Separate Freshman Campus presents new challenges in scheduling


The separate freshman campus at the Old Lincoln School (OLS) makes it harder for freshmen schedule makers to plan class blocks.

The separate freshman campus has presented new challenges this year for teachers and students.

The first version of the freshman schedule included two lunches and a 10 minute travel time between 115 Greenough and the Old Lincoln School (OLS). The second version of the schedule was split by cohorts. Instead of two lunches, there were now three; blue lunch, red lunch and split lunch. While the 10 minute travel time remained the same, starting and ending class times did not align between the Red Cohort and Blue Cohort.

Interim Associate Dean Jenny Longmire said that one of the initial scheduling problems was fitting everyone into the school during lunch.

“We obviously need three lunches because as you know the cafeteria is and if it’s rainy at all, then we don’t have the outdoor space,” Longmire said.

The third and current version of the schedule changed the starting and ending times for many of the classes, and lengthened the travel time from 10 to 12 minutes.

When surveyed about their opinions on the most recent schedule, many freshmen said that the added travel time was the least convenient part. Freshman Sophia Egozy said that the 12 minute travel time was still not enough to make it to classes on time.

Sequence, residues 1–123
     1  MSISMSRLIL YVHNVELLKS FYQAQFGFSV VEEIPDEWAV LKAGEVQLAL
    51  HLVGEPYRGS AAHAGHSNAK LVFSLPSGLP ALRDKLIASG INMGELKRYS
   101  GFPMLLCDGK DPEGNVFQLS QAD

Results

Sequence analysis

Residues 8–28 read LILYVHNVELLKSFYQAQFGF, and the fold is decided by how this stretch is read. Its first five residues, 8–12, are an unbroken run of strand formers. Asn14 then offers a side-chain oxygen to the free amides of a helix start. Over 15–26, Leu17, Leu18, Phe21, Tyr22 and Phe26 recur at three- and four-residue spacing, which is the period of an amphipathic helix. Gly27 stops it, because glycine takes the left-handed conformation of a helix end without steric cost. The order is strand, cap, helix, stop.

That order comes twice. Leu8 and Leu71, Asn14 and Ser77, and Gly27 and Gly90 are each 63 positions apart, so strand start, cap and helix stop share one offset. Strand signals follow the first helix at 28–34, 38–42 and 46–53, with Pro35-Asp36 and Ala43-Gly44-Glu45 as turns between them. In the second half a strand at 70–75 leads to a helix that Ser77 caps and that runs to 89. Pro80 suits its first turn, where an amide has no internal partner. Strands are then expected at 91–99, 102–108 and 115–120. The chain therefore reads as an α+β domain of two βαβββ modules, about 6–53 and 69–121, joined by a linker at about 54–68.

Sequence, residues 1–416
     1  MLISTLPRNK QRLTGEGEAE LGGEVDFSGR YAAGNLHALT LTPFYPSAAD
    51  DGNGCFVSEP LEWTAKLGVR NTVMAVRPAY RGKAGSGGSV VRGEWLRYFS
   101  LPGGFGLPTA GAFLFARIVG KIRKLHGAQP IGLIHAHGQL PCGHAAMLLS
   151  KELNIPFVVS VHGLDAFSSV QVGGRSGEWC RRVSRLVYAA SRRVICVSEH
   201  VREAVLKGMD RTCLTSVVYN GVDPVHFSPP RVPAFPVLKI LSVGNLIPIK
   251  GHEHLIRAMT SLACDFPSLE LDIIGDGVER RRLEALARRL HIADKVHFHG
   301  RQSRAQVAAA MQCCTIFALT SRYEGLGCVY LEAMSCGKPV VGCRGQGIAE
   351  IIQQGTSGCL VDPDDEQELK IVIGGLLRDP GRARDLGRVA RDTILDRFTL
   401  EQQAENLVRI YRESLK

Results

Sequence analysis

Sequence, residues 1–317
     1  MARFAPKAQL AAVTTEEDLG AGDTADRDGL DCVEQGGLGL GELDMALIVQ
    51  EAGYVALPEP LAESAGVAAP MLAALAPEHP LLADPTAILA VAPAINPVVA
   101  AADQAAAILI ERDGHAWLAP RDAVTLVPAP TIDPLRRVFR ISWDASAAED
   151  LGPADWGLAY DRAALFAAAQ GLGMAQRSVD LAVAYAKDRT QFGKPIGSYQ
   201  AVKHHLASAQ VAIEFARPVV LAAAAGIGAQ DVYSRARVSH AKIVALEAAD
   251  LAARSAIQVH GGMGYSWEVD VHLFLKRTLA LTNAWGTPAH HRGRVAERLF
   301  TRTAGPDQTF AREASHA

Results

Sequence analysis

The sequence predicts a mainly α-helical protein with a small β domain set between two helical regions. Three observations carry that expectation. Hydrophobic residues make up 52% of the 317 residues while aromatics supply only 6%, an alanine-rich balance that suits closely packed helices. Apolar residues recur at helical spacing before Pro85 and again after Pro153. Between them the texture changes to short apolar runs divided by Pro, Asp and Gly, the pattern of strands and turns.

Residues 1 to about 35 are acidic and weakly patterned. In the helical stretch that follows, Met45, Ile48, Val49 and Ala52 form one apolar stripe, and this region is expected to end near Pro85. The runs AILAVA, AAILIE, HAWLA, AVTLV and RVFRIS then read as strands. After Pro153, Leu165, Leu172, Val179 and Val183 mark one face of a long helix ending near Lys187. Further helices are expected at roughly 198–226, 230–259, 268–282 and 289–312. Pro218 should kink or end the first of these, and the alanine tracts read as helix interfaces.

“I actually think the worst part is where they changed the times from 10 minutes to 12 minutes. That made a lot of the starting and ending times of the classes really weird,” Egozy said.

According to Interim Dean of OLS Brendan Kobus, many of the erratic start times are caused by an attempt to align class times between cohorts while both cohorts are at OLS.

“In an effort to simplify things, there was an effort made to align some of the times so that it was less of two distinct schedules and more of one 9th grade schedule with two cohorts; which then leads us to three lunches and some of the unique times,” Kobus said.

Both Kobus and Longmire, along with most of the polled freshmen, hope that the schedule next year will be simpler and more concise.

“I think, in my ideal world, I would say that we’re back to one schedule for the whole campus. It’s still complicated with the 10 days, but it would be a lot better,” Longmire said.

Although the current schedule is not ideal for students, a separate campus and a large grade are just some of the problems the schedule-makers have faced, and they have worked hard to ensure a schedule structure that functions and allows students to be in classes they have requested.

“I think the schedule tries to balance an incredible amount of needs while also displaying our priorities as a school, and our priorities have been to have 9th graders feel connected to the campus at 115 Greenough and to feel like they have all of the options for classes that students before them have had,” Kobus said.

Longmire said that although the schedule is confusing for students, the current version is functioning as best as possible.

“Every rendition of the schedule has improved. I want to be very clear about that,” Longmire said. “At this point I think this is as good as it gets.”